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A Look at IBM's Growth Initiatives in 2017

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A Look at IBM's Growth Initiatives in 2017 PART 1 OF 14

How Trump’s Trade Policies Could Hurt IBM

Vulnerable to Trump’s policies

Following Donald Trump’s win of the US election, IBM (IBM) is one of many prominent tech companies that could feel the brunt of Trumps’ proposed trade and tax policies. Let’s see how Trump’s proposed policies on trade barriers and tariffs will impact IBM’s labor and manufacturing.

According to Global Trade, Trump has called China a currency manipulator and proposed a 45% tariff on goods coming from China (FXI). IBM derives two-thirds of its revenue from outside the United States. It derives approximately 22% of its revenue from the Asia-Pacific region, which includes China.

If Trump implements his trade policies and initiates a trade war with China, tech players such as IBM, Microsoft (MSFT), and Apple (AAPL) will face a significant threat due to their dependence on China. Trump’s protectionist trade policy, international exposure, and immigration reform are some of the factors expected to impact IBM.
How Trump&#8217;s Trade Policies Could Hurt IBM

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Trump’s protectionary policies, spending on infrastructure construction, tax reduction, the Fed’s rate hike, and improvement in the job market point to faster inflation in the United States in the future. Higher interest rates will strengthen the US dollar (UUP).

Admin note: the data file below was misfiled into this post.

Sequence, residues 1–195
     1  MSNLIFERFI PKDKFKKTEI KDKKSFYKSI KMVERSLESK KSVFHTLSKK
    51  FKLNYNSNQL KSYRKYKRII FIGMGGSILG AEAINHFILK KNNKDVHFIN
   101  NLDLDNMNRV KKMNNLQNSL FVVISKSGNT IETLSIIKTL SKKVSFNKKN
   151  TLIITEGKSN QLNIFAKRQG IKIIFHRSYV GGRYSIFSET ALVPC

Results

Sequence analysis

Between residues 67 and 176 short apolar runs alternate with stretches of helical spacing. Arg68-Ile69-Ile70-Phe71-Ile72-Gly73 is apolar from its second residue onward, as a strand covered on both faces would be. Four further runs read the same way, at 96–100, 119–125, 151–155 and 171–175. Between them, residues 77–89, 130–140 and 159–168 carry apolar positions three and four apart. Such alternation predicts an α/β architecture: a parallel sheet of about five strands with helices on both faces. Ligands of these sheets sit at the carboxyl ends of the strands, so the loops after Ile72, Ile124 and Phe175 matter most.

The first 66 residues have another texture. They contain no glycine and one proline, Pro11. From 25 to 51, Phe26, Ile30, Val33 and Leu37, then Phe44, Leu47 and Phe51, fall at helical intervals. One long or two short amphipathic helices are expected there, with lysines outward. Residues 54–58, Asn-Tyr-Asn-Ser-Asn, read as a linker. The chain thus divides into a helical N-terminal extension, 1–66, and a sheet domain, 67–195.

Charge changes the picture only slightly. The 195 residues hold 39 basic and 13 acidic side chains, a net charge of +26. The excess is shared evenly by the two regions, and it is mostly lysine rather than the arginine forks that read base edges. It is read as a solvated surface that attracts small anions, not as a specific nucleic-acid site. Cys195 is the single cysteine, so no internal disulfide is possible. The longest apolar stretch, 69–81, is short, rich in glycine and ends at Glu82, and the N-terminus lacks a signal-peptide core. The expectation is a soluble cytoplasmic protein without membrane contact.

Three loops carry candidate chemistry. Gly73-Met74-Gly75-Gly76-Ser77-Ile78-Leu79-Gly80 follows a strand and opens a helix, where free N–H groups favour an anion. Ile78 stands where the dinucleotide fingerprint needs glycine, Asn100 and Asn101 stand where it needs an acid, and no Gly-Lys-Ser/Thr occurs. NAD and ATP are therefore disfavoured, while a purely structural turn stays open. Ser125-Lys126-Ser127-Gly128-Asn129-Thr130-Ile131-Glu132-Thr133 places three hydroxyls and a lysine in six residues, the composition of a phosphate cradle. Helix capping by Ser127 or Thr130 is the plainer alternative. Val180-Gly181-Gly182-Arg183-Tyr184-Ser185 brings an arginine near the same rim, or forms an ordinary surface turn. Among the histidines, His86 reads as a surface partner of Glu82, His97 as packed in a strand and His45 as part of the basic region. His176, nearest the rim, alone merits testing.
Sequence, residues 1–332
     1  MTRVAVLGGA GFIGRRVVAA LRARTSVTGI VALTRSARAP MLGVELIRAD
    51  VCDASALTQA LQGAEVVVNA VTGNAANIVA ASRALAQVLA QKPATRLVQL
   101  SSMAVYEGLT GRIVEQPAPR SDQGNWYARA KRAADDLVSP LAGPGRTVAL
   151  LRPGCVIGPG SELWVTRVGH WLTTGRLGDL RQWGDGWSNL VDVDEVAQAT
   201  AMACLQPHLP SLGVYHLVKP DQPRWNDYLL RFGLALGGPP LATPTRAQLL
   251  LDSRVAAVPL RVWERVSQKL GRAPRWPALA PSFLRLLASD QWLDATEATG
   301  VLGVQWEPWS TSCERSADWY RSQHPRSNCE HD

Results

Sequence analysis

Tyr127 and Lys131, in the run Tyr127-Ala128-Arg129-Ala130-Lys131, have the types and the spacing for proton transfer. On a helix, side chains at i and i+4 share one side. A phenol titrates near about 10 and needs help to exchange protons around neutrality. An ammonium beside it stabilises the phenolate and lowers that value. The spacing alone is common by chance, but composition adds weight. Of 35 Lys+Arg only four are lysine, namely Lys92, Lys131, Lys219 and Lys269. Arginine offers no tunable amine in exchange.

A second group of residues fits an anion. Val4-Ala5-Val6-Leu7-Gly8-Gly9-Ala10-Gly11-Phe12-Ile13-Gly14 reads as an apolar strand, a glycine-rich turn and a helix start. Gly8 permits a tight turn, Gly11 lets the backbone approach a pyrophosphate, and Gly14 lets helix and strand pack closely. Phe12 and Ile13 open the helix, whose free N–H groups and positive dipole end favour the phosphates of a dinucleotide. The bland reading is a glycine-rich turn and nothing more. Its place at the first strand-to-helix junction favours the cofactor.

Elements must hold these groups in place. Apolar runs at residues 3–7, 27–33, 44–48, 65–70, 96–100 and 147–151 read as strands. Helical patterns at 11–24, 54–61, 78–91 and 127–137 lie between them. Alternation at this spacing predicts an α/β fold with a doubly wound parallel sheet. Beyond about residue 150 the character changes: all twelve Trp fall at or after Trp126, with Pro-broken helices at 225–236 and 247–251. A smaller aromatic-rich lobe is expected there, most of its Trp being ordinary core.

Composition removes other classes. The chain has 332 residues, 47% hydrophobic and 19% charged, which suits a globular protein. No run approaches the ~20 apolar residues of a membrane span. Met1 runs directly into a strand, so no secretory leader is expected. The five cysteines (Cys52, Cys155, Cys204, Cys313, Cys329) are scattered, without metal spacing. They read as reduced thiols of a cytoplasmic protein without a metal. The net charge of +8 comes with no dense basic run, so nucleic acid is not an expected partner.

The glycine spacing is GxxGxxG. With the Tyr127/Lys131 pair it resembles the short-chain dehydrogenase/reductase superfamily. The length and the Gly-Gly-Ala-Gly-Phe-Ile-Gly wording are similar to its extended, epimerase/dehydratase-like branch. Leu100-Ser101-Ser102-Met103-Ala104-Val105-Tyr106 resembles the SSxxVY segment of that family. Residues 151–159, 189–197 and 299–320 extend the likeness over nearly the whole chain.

US dollar’s expected appreciation

Some optimism in the market is evident through the US dollar, which reached a 14-year high in November and December 2016. The dollar is expected to remain strong in the near future, which could impact the revenue of several tech companies, including IBM. Oracle (ORCL), Apple (AAPL), Microsoft (MSFT), IBM, Alphabet (GOOG), and Cisco Systems (CSCO) derive the majority of their revenue from outside the United States.

Though the tech sector’s international exposure makes it vulnerable to Trump’s policies, his proposal to reduce tax on overseas cash would benefit technology companies as it would lead to cash repatriation and provide them with the flexibility to fund their growth by investing in R&D (research and development). Moreover, they will also be able to return cash to shareholders through stock buybacks and dividends.

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